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Lets say i have something like this: This is file tree.py:

class leaf():
def green():
    x = 100

This is file view.py:

from tree import leaf.green 
g = green()
print g.x

How do i get the variable form subclass green I know for class its just:

This is file tree.py:

class leaf():

    x = 100

This is file view.py:

from tree import leaf 
class view():
 g = leaf()
 print g.x

I understand how to do it if both classes are in the same file. But i dont understand in two seprate files. Thanks, John

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1  
I don't think you understand how to use classes in Python. –  Rafe Kettler Jan 26 '11 at 17:25
    
They maybe true... –  John Riselvato Jan 26 '11 at 17:26
1  
Terminology mixup: A subclass of a class C is a class that inherits from C. A def inside a class is a method. –  delnan Jan 26 '11 at 17:26
    
Alright fixed my title –  John Riselvato Jan 26 '11 at 17:29

2 Answers 2

up vote 2 down vote accepted

I think the root of your problem is that you need to learn more about how classes in Python work. Fortunately, the tutorial in the Python docs has a section on classes.

If that doesn't help, going through something like Learn Python the Hard Way and doing the exercises can be immensely helpful.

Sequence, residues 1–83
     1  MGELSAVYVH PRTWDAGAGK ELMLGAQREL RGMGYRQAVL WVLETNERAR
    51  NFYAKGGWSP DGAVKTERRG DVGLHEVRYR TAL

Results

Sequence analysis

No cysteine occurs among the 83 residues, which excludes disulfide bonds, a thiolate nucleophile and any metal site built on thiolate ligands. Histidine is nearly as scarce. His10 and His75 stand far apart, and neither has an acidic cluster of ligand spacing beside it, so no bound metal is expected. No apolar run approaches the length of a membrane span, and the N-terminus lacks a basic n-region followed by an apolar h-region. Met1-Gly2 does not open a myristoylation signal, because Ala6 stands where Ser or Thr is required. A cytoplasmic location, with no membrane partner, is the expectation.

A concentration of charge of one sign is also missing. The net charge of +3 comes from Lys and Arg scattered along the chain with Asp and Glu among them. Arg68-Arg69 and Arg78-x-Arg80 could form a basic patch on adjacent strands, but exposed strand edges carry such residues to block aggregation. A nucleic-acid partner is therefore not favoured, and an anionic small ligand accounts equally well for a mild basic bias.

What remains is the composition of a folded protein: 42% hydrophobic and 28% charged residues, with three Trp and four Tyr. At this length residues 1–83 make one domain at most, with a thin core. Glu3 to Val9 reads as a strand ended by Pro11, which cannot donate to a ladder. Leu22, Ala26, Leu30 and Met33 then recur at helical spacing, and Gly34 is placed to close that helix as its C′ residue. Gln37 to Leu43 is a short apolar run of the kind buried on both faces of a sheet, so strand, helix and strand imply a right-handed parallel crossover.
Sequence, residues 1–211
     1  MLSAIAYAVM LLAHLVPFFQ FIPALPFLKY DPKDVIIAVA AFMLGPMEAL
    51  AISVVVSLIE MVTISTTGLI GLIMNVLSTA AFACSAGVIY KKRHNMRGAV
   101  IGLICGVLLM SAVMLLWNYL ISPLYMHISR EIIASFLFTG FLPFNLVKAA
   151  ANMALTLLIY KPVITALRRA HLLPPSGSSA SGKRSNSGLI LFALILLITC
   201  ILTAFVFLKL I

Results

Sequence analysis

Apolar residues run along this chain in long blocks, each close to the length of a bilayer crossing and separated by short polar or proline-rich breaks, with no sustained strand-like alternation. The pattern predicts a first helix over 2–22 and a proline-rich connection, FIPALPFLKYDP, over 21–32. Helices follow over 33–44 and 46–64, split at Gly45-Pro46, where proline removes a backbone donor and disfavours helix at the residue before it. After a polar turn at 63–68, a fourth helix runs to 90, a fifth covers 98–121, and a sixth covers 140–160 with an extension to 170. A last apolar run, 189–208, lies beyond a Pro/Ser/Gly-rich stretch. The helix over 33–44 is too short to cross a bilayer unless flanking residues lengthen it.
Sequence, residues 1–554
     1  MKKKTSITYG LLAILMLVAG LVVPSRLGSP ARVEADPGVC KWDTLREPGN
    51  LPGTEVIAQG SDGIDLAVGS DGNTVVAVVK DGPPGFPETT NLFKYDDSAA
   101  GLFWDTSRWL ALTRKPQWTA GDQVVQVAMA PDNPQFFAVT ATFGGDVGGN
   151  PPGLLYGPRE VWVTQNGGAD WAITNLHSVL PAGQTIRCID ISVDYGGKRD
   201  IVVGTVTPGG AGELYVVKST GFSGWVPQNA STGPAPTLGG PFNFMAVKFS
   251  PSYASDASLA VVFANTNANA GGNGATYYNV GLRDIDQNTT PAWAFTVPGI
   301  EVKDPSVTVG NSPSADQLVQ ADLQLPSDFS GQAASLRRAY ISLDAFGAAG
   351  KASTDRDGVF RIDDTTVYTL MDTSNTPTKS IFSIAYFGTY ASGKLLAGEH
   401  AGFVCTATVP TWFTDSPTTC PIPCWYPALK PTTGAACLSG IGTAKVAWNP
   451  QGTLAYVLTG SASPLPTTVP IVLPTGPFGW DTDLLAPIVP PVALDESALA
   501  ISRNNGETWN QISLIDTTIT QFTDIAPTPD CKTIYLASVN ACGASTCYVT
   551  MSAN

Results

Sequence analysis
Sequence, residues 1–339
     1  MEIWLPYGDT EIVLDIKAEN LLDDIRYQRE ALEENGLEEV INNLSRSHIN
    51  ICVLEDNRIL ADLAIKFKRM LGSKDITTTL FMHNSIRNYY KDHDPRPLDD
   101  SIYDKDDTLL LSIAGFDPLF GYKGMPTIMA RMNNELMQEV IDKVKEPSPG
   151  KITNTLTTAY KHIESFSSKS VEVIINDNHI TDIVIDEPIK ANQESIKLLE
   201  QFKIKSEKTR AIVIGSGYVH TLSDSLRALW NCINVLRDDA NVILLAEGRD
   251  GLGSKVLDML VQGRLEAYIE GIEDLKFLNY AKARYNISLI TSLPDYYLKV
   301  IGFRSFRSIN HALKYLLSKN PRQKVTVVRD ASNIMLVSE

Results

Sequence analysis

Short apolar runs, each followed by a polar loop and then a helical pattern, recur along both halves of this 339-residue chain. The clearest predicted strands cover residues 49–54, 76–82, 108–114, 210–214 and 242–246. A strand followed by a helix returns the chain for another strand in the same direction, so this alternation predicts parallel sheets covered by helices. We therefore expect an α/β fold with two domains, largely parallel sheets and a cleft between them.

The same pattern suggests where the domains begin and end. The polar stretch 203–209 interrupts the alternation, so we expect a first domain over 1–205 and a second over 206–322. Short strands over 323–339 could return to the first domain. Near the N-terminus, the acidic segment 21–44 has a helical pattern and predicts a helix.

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i have been through that doc. I am still rather confused. –  John Riselvato Jan 26 '11 at 17:29
    
@John I've added another link that you might find helpful. Do you have any prior experience with object-oriented programming> –  Rafe Kettler Jan 26 '11 at 17:34
    
Yeah with Java. Its much easier with Java it seems. All right then i'll check out that PDF. Thanks –  John Riselvato Jan 26 '11 at 17:34
    
@John it's not easier I'd say, just a bit different. In Python, all instance methods (non-static in Java terms) must take self as their first argument (which is the instance), and instance variables are referred to from within the class as self.var –  Rafe Kettler Jan 26 '11 at 17:37
1  
@John you can use from other_module import SomeClass. You cannot import methods, for that you should just write a function outside a class. –  Rafe Kettler Jan 26 '11 at 17:44

x is local to the method, i.e. it shouldn't (and can't, at least not easily) be accessed from the outside. Worse - it only exists while the method runs (and is removed after it returns).

Note that you can assign an attribute to a method (to any function, really):

class Leaf(object):
    def green(self):
        ...
    green.x = 100

print Leaf.green.x

But that's propably not what you want (for starters, you can't access it as a local variable inside the method - because it isn't one) and in fact very rarely useful (unless you have a really good reason not to, just use a class).

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Your Correct. Thanks knowing you cant access the variable changed everything. I figure out how i wanted to do this –  John Riselvato Jan 26 '11 at 17:50

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